The U.S. regulator of corporate auditors criticized PricewaterhouseCoopers on Thursday for not doing enough to ensure that its audits were properly carried out, in a rare public reprimand of a major accounting firm.
The Public Company Accounting Oversight Board faulted PwC for not promptly addressing quality control problems detected by the board in inspections of some 2007 and 2008 PwC audits, such as subpar supervision and review of audit work.
Only once before has the PCAOB made public a report criticizing quality controls at a Big Four audit firm. In October 2011, it faulted Deloitte & Touche LLP, a PwC rival, for not doing enough to promptly improve audit quality systems.
In a statement attached to the PCAOB report, PwC said it had taken steps to respond to the concerns, including improving audit tools and training. A spokesperson for PwC declined further comment.
The rebuke came as corporate America showed increasing strength recovering from a credit crisis that rocked the economy, but amid lingering questions about the role of auditors that review corporations’ books annually.
More than a decade after the PCAOB emerged from the regulatory backlash from the Enron Corp accounting scandal, the regulator and the firms it polices remain at the center of a lively debate about how to improve audits.
“You’re finally seeing the PCAOB showing some teeth and issuing meaningful reports,” said Anthony Catanach, accounting professor at Villanova University, adding that despite, PCAOB criticisms, audit firms keep getting work.
“There’s an issue with what the enforcement is going to be,” he said.
Quality controls such as training, supervision and staffing are critical at large audit firms, which often use thousands of inexperienced college graduates to carry out routine tasks.
The PCAOB report gave extensive details on PwC’s oversight of its auditors. Based on deficiencies found by inspectors, the PCAOB said, it appeared that some audit personnel were not adequately supervised and that some partners’ workloads were not being monitored during busy season.
In parts of the audit process, auditors did not challenge the statements of corporate managers and sometimes took them at their word when questions arose, the PCAOB said.
The report said audit teams relied too much on “CAKE,” which is PwC shorthand for “cumulative audit knowledge and experience” from audits done in the past, as opposed to new evidence.
In complex accounting areas, such as fair value, auditors failed to question management assertions, even though they did not match up with historical results or other evidence in audit documents, the PCAOB said.
The PCAOB also criticized PwC for not showing enough “professional skepticism” toward possible management bias.
Professional skepticism refers to auditors’ obligation to look skeptically at company books, a role meant to provide an independent check against misleading financial statements. This has been the subject of frequent criticisms by the PCAOB in its inspections and comments on the audit industry’s performance.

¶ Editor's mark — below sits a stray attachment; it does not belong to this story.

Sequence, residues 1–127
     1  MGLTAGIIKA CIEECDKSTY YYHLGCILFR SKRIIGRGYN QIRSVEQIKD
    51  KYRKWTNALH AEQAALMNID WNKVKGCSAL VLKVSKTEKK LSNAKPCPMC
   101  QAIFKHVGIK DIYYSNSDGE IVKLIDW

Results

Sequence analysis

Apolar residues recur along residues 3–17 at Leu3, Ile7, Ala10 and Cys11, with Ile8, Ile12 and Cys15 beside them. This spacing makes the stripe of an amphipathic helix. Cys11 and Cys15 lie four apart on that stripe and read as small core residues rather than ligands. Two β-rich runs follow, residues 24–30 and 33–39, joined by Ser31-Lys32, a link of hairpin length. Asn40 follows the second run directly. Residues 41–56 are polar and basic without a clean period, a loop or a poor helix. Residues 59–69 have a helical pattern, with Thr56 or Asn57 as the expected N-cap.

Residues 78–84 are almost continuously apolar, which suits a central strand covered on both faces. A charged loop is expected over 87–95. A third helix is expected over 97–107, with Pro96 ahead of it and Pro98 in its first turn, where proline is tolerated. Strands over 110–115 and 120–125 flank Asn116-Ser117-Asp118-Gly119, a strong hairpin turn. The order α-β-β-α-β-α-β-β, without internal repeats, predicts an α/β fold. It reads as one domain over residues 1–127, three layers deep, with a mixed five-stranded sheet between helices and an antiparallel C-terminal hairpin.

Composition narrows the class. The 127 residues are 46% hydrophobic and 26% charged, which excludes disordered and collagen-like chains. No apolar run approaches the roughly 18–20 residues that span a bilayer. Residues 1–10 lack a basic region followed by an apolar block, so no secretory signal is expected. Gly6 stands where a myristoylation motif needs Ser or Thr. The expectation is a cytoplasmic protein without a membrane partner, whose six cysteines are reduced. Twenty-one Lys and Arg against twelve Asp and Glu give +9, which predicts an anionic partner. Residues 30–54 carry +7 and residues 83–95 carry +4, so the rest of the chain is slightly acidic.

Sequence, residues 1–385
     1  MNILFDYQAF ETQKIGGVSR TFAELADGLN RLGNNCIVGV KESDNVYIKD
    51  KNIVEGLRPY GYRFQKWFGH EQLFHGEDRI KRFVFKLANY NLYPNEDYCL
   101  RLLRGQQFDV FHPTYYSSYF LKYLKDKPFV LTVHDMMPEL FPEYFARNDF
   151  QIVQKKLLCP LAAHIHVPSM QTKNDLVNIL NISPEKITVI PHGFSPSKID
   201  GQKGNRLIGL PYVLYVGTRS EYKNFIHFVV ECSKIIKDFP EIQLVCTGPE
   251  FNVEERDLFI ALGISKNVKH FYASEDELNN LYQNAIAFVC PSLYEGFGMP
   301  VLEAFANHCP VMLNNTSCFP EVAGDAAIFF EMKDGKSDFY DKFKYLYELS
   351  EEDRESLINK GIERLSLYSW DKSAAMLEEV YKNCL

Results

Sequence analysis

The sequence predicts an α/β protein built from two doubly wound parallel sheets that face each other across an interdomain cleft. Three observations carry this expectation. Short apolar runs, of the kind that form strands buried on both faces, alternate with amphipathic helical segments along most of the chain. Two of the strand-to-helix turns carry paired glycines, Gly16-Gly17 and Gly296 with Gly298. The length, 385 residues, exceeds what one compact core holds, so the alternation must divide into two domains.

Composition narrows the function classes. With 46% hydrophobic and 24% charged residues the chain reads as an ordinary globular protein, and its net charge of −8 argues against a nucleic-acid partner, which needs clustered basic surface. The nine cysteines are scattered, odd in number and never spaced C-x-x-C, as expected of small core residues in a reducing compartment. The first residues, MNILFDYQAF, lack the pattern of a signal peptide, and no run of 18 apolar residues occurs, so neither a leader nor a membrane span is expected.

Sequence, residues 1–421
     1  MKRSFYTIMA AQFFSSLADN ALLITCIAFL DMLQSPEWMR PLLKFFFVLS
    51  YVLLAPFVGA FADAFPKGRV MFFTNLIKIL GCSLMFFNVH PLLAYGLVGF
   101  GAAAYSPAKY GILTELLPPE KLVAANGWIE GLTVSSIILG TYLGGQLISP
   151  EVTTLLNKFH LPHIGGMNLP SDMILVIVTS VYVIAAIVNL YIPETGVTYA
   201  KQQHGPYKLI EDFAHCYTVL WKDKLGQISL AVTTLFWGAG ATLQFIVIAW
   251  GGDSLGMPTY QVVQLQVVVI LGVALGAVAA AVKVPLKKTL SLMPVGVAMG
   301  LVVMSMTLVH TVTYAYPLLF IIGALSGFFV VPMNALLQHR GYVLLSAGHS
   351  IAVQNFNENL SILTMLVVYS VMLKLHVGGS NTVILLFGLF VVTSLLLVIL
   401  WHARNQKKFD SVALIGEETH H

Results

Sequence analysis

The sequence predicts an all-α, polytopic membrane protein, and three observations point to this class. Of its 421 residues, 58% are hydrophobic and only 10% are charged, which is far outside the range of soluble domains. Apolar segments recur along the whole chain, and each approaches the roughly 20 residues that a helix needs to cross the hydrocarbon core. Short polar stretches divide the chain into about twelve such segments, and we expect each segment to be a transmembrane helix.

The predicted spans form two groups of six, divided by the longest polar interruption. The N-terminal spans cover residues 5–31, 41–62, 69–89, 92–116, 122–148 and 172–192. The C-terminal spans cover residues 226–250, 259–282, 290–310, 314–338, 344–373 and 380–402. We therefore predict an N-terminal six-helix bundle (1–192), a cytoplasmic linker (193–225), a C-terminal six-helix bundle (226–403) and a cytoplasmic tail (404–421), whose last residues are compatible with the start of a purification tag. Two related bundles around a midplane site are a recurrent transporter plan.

Thursday’s report is not a disciplinary sanction and might not necessarily lead to discipline, the PCAOB said. However, the PCAOB can discipline firms and individuals for failure to comply with quality control standards, the board added.
Sanctions against auditors can include fines, suspensions and bars against auditing public companies.
Even without further discipline, Thursday’s report is a black eye for PwC, which touts its audit quality worldwide.
Deloitte, PwC, KPMG and Ernst & Young are the four largest corporate auditing firms, dominating their market worldwide.
Congress formed the PCAOB in 2002 to regulate auditors after book-cooking scandals at large corporations, including Enron. Previously, the audit industry was self-regulated.
The board inspects major audit firms every year and reports on problems found in individual audits. Criticism of overall quality procedures remains private if the firm corrects the problems within 12 months of an inspection report.
Disciplinary actions are also kept private until an audit firm has exhausted all appeals. The prohibition against making disciplinary actions public was mandated by the 2002 Sarbanes-Oxley Act, which created the PCAOB.
When Sarbanes-Oxley was drafted, lawmakers feared that allowing the publicizing of audit quality problems before a firm had a chance to fix them could undermine public confidence and cause an exodus of clients. This fear stemmed from the Enron-related collapse of auditing firm Arthur Andersen, which left the audit industry with even fewer competitors than before.
In an internal memo obtained by Reuters, PwC said it had the right to appeal the PCAOB’s conclusions to the U.S. Securities and Exchange Commission, but had decided not to do so. It said it did not want to spend time on findings “that we believe we have addressed or are currently addressing.”
The memo, dated March 7 and signed by PwC Chairman Robert Moritz, was addressed to partners and defended the firm’s efforts to improve quality controls.
The PCAOB’s criticisms “relate to some of the most complex, broad, judgmental and evolving areas of auditing,” the memo said.